Friday, July 16, 2010

Understanding the mechanics of modern Predation

The Financial Con Of The Decade Explained So Simply Even A Congressman Will Get It
Submitted by Tyler Durden on 07/10/2010 21:13 -0500
Sometimes, when chasing the bouncing ball of fraud and corruption on a daily basis, it is easy to lose sight of the forest for the millions of trees (all of which have a 150% LTV fourth-lien on them, underwritten by Goldman Sachs, which is short the shrubbery tranche). Luckily, Charles Hugh Smith, of has taken the time to put it all into such simple and compelling terms, even corrupt North Carolina congressmen will not have the chance to plead stupidity after reading this.
Of course, to those familiar with the work of Austrian economists, none of this will come as a surprise. 
1. Enable trillions of dollars in mortgages guaranteed to default by packaging unlimited quantities of them into mortgage-backed securities (MBS), creating umlimited demand for fraudulently originated loans.
2. Sell these MBS as "safe" to credulous investors, institutions, town councils in Norway, etc., i.e. "the bezzle" on a global scale.
3. Make huge "side bets" against these doomed mortgages so when they default then the short-side bets generate billions in profits.
4. Leverage each $1 of actual capital into $100 of high-risk bets.
5. Hide the utterly fraudulent bets offshore and/or off-balance sheet (not that the regulators you had muzzled would have noticed anyway).
6. When the longside bets go bad, transfer hundreds of billions of dollars in Federal guarantees, bailouts and backstops into the private hands which made the risky bets, either via direct payments or via proxies like AIG. Enable these private Power Elites to borrow hundreds of billions more from the Treasury/Fed at zero interest.
7. Deposit these funds at the Federal Reserve, where they earn 3-4%. Reap billions in guaranteed income by borrowing Federal money for free and getting paid interest by the Fed.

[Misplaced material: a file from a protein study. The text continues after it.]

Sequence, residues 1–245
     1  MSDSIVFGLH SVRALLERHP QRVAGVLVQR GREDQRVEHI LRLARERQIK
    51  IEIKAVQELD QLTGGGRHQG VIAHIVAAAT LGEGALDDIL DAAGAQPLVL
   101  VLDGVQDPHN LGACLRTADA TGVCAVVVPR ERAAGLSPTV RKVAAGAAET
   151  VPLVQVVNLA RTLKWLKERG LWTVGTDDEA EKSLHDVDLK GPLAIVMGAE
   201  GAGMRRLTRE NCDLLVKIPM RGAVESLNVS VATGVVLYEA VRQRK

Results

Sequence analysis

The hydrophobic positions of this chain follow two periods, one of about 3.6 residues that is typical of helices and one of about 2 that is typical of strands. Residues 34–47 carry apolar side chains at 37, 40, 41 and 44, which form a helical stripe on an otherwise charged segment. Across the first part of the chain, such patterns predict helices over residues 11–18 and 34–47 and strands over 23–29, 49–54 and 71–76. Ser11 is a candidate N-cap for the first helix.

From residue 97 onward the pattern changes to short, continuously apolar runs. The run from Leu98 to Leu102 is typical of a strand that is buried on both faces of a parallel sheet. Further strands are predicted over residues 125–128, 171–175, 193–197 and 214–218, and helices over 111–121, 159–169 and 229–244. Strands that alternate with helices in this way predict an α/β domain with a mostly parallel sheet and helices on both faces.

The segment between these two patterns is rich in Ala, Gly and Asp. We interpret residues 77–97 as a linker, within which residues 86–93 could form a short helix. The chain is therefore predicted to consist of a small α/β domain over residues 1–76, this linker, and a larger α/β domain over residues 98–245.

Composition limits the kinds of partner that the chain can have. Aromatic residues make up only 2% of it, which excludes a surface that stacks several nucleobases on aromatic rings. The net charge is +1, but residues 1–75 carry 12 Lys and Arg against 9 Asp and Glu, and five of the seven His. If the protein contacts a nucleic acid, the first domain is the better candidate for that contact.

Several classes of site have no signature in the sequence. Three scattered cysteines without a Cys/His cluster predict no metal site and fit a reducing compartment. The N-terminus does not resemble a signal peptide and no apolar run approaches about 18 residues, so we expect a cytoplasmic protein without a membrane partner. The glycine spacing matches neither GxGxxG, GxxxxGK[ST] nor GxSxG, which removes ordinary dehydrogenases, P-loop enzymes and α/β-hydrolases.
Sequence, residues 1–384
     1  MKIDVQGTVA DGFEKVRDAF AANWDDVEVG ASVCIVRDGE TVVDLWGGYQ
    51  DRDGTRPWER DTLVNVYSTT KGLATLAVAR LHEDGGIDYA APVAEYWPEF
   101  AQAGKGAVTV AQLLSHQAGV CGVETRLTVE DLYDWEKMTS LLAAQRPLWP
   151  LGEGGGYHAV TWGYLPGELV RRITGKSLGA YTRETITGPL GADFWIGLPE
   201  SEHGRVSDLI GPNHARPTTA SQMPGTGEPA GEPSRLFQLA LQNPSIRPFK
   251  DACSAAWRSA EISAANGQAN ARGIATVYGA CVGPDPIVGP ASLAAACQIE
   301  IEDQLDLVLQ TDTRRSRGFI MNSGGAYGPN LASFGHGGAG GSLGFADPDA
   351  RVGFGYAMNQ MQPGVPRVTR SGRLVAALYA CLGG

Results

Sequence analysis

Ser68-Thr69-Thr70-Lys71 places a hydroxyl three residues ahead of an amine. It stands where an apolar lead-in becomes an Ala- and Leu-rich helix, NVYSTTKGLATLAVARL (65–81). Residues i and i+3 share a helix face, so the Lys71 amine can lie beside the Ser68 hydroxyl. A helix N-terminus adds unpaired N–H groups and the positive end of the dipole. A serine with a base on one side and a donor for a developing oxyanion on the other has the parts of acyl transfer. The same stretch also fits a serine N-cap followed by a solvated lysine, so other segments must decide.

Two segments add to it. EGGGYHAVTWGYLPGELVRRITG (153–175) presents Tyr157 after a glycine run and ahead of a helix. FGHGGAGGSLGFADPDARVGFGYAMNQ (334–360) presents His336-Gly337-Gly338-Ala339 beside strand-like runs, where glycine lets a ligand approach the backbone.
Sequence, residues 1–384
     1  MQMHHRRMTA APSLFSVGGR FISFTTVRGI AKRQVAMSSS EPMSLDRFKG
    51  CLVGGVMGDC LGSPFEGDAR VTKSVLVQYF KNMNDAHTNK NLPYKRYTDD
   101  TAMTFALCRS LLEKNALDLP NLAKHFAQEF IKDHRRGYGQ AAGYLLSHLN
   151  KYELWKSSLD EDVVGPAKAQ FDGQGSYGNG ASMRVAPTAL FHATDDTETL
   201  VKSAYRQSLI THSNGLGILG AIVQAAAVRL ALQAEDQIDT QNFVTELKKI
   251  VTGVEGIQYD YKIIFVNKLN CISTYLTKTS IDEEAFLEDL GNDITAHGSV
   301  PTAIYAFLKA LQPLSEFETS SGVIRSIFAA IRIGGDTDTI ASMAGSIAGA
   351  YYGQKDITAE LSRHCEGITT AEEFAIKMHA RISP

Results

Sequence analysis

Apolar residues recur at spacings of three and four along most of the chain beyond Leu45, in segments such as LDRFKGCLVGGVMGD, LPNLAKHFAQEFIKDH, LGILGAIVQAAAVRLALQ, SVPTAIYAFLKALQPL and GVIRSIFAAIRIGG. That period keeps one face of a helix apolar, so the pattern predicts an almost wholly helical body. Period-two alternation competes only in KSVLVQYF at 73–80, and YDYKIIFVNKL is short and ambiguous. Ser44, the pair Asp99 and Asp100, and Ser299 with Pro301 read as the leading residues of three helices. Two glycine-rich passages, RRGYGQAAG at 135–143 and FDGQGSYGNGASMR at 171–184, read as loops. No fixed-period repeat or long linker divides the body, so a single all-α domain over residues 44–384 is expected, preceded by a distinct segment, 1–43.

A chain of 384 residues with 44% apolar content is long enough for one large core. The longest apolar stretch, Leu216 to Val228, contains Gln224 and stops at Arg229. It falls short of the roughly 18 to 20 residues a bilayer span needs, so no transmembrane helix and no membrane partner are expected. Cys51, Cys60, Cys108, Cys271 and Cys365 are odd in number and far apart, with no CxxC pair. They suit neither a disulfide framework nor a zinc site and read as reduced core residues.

8. As profits pile up, start buying boatloads of short-term U.S. Treasuries. Now the taxpayers who absorbed the trillions in private losses and who transferred trillions in subsidies, backstops, guarantees, bailouts and loans to private banks and corporations, are now paying interest on the Treasuries their own money purchased for the banks/corporations.
9. Slowly acquire trillions of dollars in Treasuries--not difficult to do as the Federal government is borrowing $1.5 trillion a year.
10. Stop buying Treasuries and dump a boatload onto the market, forcing interest rates to rise as supply of new T-Bills exceeds demand (at least temporarily). Repeat as necessary to double and then triple interest rates paid on Treasuries.
11. Buy hundreds of billions in long-term Treasuries at high rates of interest. As interest rates rise, interest payments dwarf all other Federal spending, forcing extreme cuts in all other government spending.
12. Enjoy the hundreds of billions of dollars in interest payments being paid by taxpayers on Treasuries that were purchased with their money but which are safely in private hands.
Charles' conclusion does not need further commentary as it is absolutely spot on:
Since the Federal government could potentially inflate away these trillions in Treasuries, buy enough elected officials to force austerity so inflation remains tame. In essence, these private banks and corporations now own the revenue stream of the Federal government and its taxpayers. Neat con, and the marks will never understand how "saving our financial system" led to their servitude to the very interests they bailed out.